Setting the Scene

I have had a passion for walking since my early teens when I first visited the Lake District with my church youth group.  We stayed in a Youth Centre at the foot of the Kirkstone Pass, in the beautiful valley of Patterdale, near the tiny lake of Brotherswater.  It was then that I fell in love with the Lakeland fells, and since then I have tried to visit the Lakes as often as possible, walking among the beautiful fells of this most special part of England.  The pictorial guides of Alfred Wainwright became my ‘bible’ of the fells and I read every book virtually from cover to cover.  I have climbed many of the fells he describes, but still have many more to do (more about that later maybe).  It wasn’t long before I discovered Wainwright’s volume on the Coast to Coast Walk, which was his own creation. I almost had the opportunity to walk it in my early twenties, but sadly missed out on the trip because of work commitments. My friends from the church youth group set out on the walk, but only made it as far as the half way point at Keld, where injuries forced them to abandon the attempt.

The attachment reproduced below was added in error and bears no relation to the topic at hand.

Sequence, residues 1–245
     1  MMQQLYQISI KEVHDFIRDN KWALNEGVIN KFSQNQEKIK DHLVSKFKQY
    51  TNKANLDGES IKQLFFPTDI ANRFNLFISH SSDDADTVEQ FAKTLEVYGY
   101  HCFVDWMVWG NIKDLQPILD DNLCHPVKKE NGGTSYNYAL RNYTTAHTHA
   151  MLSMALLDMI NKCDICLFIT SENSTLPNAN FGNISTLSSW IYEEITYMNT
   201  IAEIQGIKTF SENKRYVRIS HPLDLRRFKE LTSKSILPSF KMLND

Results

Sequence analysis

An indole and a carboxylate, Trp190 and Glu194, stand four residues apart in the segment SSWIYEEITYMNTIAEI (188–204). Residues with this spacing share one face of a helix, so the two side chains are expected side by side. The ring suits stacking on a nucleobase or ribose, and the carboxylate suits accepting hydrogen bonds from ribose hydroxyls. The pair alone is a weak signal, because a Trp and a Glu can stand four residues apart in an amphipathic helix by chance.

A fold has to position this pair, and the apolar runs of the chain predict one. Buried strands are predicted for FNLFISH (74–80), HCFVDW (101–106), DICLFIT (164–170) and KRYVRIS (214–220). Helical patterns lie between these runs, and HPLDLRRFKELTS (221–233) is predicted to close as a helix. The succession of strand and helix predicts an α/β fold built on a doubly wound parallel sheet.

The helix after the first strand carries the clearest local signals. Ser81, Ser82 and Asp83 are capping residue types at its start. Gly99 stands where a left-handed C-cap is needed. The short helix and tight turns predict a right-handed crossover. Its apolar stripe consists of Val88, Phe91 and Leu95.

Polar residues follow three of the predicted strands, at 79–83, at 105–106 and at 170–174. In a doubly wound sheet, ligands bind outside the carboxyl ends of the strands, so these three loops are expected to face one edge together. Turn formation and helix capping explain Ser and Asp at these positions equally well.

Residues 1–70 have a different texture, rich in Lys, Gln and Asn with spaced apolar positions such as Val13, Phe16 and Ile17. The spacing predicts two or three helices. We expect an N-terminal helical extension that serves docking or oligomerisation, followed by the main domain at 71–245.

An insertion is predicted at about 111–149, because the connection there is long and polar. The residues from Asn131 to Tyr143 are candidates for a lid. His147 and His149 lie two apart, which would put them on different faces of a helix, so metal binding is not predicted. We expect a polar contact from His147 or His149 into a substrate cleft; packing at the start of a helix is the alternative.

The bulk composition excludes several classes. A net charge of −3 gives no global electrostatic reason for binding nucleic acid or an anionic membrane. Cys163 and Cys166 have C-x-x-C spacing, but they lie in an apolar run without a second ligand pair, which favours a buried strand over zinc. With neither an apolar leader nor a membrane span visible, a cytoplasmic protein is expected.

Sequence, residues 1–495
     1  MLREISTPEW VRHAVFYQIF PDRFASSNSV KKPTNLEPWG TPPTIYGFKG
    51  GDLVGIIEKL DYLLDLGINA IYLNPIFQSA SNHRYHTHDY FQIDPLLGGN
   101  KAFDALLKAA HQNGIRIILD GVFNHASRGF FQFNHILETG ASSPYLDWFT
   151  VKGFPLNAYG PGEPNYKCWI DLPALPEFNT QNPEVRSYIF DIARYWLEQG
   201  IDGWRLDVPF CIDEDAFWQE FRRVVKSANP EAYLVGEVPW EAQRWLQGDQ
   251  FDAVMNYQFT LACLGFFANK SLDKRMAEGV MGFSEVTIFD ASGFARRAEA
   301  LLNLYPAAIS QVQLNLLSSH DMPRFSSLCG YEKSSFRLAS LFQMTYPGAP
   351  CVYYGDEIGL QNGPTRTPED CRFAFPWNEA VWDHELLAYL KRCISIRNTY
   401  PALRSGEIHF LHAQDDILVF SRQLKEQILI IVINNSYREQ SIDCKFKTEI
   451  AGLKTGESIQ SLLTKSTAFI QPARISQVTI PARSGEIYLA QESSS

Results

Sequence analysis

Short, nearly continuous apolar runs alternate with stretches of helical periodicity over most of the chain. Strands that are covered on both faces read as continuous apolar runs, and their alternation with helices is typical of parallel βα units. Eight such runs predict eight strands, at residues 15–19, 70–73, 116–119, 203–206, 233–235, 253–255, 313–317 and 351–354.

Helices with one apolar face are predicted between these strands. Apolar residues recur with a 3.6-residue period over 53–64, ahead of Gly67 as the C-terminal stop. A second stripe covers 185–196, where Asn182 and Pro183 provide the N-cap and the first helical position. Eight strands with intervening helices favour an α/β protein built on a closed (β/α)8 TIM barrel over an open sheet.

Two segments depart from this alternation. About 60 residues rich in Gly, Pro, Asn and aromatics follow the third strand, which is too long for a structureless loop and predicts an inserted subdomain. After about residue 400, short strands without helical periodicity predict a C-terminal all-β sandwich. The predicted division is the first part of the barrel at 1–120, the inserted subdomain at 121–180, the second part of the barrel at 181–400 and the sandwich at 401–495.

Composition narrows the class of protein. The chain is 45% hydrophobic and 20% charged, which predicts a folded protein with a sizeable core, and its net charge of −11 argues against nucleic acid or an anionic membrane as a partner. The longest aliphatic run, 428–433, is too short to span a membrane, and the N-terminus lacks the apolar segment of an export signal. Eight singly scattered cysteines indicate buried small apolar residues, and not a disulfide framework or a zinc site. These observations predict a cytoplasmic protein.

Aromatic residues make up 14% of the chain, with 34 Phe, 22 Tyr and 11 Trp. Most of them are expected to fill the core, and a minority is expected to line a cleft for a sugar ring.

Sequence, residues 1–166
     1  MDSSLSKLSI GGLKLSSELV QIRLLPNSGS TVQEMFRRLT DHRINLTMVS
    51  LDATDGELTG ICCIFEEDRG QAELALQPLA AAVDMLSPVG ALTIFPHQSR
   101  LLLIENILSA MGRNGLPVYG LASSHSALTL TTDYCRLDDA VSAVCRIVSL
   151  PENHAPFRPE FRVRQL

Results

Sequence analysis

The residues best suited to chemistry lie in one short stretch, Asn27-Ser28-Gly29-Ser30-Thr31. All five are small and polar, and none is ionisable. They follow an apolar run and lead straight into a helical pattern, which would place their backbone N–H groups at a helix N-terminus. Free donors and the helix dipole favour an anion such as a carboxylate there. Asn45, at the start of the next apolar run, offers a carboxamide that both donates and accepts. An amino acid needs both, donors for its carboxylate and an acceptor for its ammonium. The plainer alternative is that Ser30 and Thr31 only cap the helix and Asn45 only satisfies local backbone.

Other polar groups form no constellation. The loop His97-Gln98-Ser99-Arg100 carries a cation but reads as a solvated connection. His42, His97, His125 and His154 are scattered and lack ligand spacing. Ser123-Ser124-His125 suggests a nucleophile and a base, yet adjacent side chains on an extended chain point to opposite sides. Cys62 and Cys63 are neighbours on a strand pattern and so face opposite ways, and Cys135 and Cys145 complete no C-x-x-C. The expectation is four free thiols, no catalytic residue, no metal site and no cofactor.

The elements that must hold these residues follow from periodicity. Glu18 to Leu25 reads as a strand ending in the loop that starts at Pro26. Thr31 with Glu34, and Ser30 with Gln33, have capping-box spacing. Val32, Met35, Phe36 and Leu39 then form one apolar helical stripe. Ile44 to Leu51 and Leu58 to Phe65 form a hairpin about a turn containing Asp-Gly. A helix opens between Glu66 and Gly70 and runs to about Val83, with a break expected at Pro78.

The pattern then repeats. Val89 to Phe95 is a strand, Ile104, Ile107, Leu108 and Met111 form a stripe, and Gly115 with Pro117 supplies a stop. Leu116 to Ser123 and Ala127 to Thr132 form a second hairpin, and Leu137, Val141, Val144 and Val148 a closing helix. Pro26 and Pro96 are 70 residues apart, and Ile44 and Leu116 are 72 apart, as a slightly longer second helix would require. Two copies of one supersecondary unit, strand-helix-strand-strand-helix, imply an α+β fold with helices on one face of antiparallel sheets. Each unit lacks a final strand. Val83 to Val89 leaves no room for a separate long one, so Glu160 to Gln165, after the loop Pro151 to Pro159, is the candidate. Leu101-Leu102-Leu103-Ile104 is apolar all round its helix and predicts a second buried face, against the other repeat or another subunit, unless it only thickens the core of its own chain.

Since then I have thought about doing the Coast to Coast Walk many times, but never quite got round to it.  Finally, late last year I decided that 2012 was to be the year.  This was partly because the church where which I now serve as a Roman Catholic priest, Our Lady of the Holy Souls, Kensal New Town, is currently undergoing a major interior restoration.  So, I decided to combine my long held desire to do this walk with the opportunity to raise some funds via sponsorship, for the church restoration? And so here we are.

The principle purpose of this blog is to let my parishioners follow my progress along the route day by day.  I apologise to any other keen walkers who read this blog if at times it is somewhat basic, but I am principally writing for an audience who largely know nothing of the Coast to Coast walk.  Nevertheless, I hope that all readers will find something interesting and entertaining as you follow my footsteps along the way.